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These days we sit mostly home while lockdowns and social distancing restrict those things that make life good, whether it be church, social events, or eating at our favorite restaurant. For many it is much more critical, affecting the ability to earn a living and put food on the table. We all wonder when it will all end.
Mainers are fortunate that early action by state leadership, combined with general cooperation from our citizens, has led to a flattening of our curve. This means the number of new cases per day is stabilizing. As I write this on Monday, Maine has more than 800 confirmed COVID-19 cases, making our case rate low at about 64 per 100,000 population. This rate compares to New York at 1,248, Massachusetts at 552, and the nation at 239. Our death rate per 100,000 population so far is 27 percent of the national average, and less than 5 percent of that of New York where the outbreak became out of control. Our new case rate is averaging 30 to 40 per day with all our shut-down measures to limit disease transmission remaining in effect. The course of COVID-19 will, as it has already, be different in different areas of America.
We know that 95 percent of Mainers who have been tested for COVID-19 have been negative. Though this is good, it also means that they, along with most untested Mainers, have not yet been infected by the virus, and thus continue to remain at risk for infection.
At some point, we will be deciding when and how to lift the restrictions that have allowed us to achieve our low COVID-19 rates. In so doing, we must remember there remains a significant risk to the majority of our population, despite Maine’s early success.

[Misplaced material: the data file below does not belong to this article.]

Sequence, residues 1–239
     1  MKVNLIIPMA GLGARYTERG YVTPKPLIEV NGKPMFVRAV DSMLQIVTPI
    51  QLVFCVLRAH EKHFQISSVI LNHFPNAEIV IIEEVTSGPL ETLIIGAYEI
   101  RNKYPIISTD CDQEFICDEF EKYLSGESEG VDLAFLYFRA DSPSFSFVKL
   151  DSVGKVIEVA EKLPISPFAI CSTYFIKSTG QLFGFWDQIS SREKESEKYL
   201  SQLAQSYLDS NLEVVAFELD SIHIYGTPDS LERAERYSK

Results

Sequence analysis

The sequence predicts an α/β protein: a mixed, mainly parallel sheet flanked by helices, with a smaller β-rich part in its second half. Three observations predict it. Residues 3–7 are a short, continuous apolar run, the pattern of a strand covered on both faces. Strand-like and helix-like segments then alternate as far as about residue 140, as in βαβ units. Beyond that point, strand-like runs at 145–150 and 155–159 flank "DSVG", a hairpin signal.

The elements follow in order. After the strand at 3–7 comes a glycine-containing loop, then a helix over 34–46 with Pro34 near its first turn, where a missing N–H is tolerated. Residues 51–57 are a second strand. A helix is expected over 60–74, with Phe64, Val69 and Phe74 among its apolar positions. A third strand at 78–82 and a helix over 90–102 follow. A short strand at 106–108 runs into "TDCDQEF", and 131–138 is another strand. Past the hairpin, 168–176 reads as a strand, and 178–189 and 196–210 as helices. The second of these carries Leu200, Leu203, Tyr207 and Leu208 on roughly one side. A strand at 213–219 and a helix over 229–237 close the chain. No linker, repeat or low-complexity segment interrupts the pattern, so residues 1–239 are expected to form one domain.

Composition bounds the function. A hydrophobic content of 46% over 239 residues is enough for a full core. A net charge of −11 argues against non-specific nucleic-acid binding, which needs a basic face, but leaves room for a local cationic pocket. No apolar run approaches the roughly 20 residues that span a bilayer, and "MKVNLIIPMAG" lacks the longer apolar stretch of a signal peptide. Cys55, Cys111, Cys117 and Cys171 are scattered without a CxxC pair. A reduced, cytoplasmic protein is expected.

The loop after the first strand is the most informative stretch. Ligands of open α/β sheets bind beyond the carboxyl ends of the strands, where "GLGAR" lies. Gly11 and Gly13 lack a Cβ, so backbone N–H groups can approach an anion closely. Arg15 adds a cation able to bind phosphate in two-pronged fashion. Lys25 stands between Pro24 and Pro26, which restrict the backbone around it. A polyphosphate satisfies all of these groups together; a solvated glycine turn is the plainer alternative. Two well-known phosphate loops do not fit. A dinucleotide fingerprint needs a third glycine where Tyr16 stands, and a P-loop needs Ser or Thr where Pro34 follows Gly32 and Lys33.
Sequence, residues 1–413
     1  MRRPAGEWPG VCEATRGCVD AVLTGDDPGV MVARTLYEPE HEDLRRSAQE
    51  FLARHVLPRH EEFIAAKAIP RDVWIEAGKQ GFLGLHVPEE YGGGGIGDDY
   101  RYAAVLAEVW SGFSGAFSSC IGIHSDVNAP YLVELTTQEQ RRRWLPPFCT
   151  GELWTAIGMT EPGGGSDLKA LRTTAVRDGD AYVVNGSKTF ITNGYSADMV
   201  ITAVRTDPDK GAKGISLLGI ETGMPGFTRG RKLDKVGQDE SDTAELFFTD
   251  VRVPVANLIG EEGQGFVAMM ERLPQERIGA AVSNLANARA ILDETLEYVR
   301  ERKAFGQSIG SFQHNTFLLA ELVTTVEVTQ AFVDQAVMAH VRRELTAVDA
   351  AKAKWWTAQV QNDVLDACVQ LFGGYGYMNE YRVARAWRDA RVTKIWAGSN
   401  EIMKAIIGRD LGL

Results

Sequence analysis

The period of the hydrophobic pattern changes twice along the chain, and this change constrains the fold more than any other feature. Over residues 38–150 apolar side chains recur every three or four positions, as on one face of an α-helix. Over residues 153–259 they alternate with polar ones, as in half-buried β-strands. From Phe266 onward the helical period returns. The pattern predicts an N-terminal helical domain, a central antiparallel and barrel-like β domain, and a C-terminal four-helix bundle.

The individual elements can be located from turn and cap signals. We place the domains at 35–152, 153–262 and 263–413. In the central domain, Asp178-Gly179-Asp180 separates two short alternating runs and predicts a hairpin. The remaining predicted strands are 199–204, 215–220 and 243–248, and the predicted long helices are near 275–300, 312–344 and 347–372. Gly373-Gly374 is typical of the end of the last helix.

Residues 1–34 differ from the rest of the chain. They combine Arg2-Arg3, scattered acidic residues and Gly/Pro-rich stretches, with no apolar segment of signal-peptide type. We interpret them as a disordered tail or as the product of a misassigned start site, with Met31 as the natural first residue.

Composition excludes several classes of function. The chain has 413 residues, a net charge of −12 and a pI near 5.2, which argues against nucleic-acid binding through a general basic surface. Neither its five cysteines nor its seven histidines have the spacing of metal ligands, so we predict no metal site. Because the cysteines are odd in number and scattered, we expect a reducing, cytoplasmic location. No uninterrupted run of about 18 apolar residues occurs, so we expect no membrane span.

There are competing forces that will come to bear in deciding when to lift restrictions, thus increasing COVID-19 infection risk to the majority of the Maine population still susceptible. The economic forces will range from those workers and small local businesses who are made financially destitute by the shutdown, to corporations where their main goal is profit. Social forces will include the desire to get back to life as usual with education, social activities, etc.
There will be a force to move more cautiously to safeguard the health of Mainers, and avoid a fallback into an Italy or New York scenario. This will be tempered by the continued gathering of information. More testing for active disease, and eventually for protective antibodies, will be part of this. A critical scientific assessment should weigh most heavily in these decisions.
These forces will be tempered by the political will, and it is likely that decisions will likely be made differently around America. Our leadership nationally and among the states varies in what they believe government’s duty should be, in what sources of information and advice they respect, and in what political price they are willing to risk for their decisions. Some leadership will not see beyond the next election, some will concentrate on making the right choices.
Given the variability of political leadership and regional decisions we can expect, Maine managing its own COVID-19 response makes sense. Coordinating as much as possible with our neighboring states also makes sense.
Until the holy grail in resolving this pandemic becomes available with access to an effective and safe vaccine, one of Maine’s best protections will be limiting its spread with the appropriate public health restrictions tailored to our needs.
Daniel Cassidy is a gastroenterologist who practices in Bangor and Blue Hill.